Gathering Exquisite Moments
But we want things to last, don't we? Poignancy hovers around beauty like a nimbus, for the most beautiful things in life are not things at all, but moments in time—moments that we know will flow on. While the raw moment flows on into a new concrescence, we can nevertheless gather the exquisite moments like flowers and place them in the rose bowl of our memory.
Rose bowls were popular in Victorian times. Roses were cut at the height of their beauty, just before they perished, to float about in an enormous bowl—a thing of beauty in itself, usually silver or china or glass—and placed in the entry way of the house. The floating roses, and other delicate flowers, set the tone for the home: to remind the household of the fleeting quality of all things precious, and of the fragility of each person who inhabits the home—and that we need to be kind.
The Great Paradox
So we gather up our moments, the ones most exquisite, and let them float about inside us as we savor their color, scent, and texture. Even though the memory is not the same as the moment itself—even memory is a new moment—we can store up an entire bowl of exquisite memory moments that we can enjoy later. But what if our memory fails, as it so often does? Process theology would tell us that if we forget, God still remembers. Our moments are saved in God's memory, in God's own heart. The moments we savor are paradoxically fleeting and eternal in the same divine breath. They are gone, yes, but not lost. Whitehead describes God’s nature as “tender care that nothing be lost.”
So if we think that our moments with Mozart on our iPod might be useless to anyone or anything beyond ourselves, we need to think again. Savoring adds to the joy of God for all eternity. And that moment savored not only contributes to God's joy, but to the joy of the entire cosmos. To return to Blake’s metaphor, when we kiss the joy with mindful gratitude, we unleash fresh possibilities for the next sunrise. It is inevitable; joy is like that: it spills over into eternity.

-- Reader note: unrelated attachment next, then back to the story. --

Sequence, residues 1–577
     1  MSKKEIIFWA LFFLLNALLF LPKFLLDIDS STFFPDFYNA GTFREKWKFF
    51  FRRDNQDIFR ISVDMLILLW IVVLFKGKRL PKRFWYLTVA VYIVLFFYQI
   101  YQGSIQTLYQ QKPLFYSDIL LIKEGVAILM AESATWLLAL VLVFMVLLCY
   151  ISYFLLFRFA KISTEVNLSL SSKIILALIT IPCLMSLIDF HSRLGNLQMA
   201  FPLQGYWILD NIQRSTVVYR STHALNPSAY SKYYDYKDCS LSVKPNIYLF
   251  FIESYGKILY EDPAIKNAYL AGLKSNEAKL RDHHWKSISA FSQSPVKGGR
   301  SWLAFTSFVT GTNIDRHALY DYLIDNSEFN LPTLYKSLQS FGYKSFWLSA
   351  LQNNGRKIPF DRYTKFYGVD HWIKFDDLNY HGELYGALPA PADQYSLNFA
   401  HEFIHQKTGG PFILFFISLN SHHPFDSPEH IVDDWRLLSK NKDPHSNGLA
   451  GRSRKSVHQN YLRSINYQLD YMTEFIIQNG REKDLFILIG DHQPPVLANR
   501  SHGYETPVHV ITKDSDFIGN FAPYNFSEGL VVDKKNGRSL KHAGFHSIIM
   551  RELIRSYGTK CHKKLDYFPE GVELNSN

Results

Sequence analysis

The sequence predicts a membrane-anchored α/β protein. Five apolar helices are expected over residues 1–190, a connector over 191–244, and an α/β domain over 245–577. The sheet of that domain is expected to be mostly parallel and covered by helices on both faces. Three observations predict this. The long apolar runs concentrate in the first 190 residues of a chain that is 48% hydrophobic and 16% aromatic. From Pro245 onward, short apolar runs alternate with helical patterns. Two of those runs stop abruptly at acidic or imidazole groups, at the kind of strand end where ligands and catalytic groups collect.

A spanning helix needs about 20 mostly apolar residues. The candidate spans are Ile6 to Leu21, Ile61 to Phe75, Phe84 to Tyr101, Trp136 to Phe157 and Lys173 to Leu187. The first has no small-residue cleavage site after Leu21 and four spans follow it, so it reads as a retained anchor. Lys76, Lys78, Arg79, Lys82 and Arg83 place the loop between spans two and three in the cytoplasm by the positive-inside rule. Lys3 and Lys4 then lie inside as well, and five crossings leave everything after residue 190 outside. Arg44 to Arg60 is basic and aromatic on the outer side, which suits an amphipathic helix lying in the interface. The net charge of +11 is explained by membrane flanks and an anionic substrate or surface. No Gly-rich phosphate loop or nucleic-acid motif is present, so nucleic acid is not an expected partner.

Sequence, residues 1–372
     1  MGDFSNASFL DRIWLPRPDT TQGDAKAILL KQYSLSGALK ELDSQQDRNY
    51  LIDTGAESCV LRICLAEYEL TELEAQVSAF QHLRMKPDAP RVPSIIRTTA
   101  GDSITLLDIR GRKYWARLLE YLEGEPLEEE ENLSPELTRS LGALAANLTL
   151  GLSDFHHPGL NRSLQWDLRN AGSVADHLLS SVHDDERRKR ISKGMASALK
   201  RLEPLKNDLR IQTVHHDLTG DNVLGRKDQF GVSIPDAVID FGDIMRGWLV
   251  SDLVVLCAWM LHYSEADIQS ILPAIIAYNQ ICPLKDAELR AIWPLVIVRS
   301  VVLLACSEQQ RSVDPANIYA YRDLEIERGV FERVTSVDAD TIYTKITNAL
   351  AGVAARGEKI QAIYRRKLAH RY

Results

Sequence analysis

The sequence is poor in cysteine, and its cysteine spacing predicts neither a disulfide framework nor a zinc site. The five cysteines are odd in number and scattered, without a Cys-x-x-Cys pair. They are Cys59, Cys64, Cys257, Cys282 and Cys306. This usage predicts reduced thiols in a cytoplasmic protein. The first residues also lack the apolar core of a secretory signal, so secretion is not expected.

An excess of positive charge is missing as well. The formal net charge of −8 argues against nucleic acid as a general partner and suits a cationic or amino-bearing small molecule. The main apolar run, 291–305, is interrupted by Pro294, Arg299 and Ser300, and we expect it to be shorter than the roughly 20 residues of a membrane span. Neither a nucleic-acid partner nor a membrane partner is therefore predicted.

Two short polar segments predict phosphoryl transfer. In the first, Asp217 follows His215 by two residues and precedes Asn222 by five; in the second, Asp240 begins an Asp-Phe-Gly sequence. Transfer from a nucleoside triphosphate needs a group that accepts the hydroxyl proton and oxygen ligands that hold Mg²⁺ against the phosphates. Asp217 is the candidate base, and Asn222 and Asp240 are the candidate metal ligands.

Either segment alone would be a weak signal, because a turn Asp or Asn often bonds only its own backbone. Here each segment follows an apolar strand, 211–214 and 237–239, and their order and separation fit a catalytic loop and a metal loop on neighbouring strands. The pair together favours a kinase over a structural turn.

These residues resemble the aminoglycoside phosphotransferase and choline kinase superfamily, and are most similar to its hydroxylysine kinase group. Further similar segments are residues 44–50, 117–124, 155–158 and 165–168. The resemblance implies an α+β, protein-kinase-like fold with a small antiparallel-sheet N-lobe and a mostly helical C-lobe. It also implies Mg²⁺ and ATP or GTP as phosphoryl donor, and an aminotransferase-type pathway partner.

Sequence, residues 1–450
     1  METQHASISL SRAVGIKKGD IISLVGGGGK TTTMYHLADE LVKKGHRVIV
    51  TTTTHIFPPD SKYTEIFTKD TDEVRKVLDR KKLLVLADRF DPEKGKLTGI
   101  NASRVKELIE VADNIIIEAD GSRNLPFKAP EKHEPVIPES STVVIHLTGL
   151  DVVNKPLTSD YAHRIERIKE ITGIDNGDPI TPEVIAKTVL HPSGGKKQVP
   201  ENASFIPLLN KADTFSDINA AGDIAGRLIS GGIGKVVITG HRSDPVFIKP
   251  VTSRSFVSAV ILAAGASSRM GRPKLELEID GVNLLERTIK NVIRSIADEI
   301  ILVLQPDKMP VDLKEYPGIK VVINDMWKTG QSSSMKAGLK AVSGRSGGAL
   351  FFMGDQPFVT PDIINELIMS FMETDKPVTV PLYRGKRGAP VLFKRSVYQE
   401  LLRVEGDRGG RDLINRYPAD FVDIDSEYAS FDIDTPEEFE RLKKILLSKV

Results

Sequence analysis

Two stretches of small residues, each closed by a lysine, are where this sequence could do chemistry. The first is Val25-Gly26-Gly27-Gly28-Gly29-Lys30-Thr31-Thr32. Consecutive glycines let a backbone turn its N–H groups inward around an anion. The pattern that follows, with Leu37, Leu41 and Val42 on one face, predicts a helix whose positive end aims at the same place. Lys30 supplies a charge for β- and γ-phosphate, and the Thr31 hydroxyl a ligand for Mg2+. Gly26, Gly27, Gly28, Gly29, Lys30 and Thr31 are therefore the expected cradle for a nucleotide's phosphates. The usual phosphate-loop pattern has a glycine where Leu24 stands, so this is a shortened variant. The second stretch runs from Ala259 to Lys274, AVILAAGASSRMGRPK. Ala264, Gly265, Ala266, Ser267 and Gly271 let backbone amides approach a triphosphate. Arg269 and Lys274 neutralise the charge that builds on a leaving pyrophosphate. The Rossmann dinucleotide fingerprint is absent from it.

Gathering up exquisite moments—the art of savoring—is a worthy purpose for each day. We can easily practice this art when the confluence of events intermingles with our own mindfulness and gratitude, creating intensely harmonious moments.
But if we want to go deeper still, we need to learn how to savor when things go badly, too—when the warmth and chocolate and pelicans are gone, or when loved ones fail us and our insecurities rise up to mock us. This is life, too. On those dark days, when nothing seems worth salvaging, we can still practice the art of savoring, for there is something even more satisfying that deserves our mindfulness and gratitude: we can savor the One who savors us.
If we can learn to see not just the lack of roses in our bowl, but the bowl itself—the Encircling One—we will touch the ultimate joy, the Ultimate itself. In process theology, we name the Encircling One, God. Whitehead says, “God is the great companion—the fellow sufferer who understands.” Words to savor, are they not? We are loved, truly loved. So, no matter what happens, we can let this thought melt into us and we into it: God holds us in exquisite empathy, and reminds us that life is eternally blooming with fresh possibilities.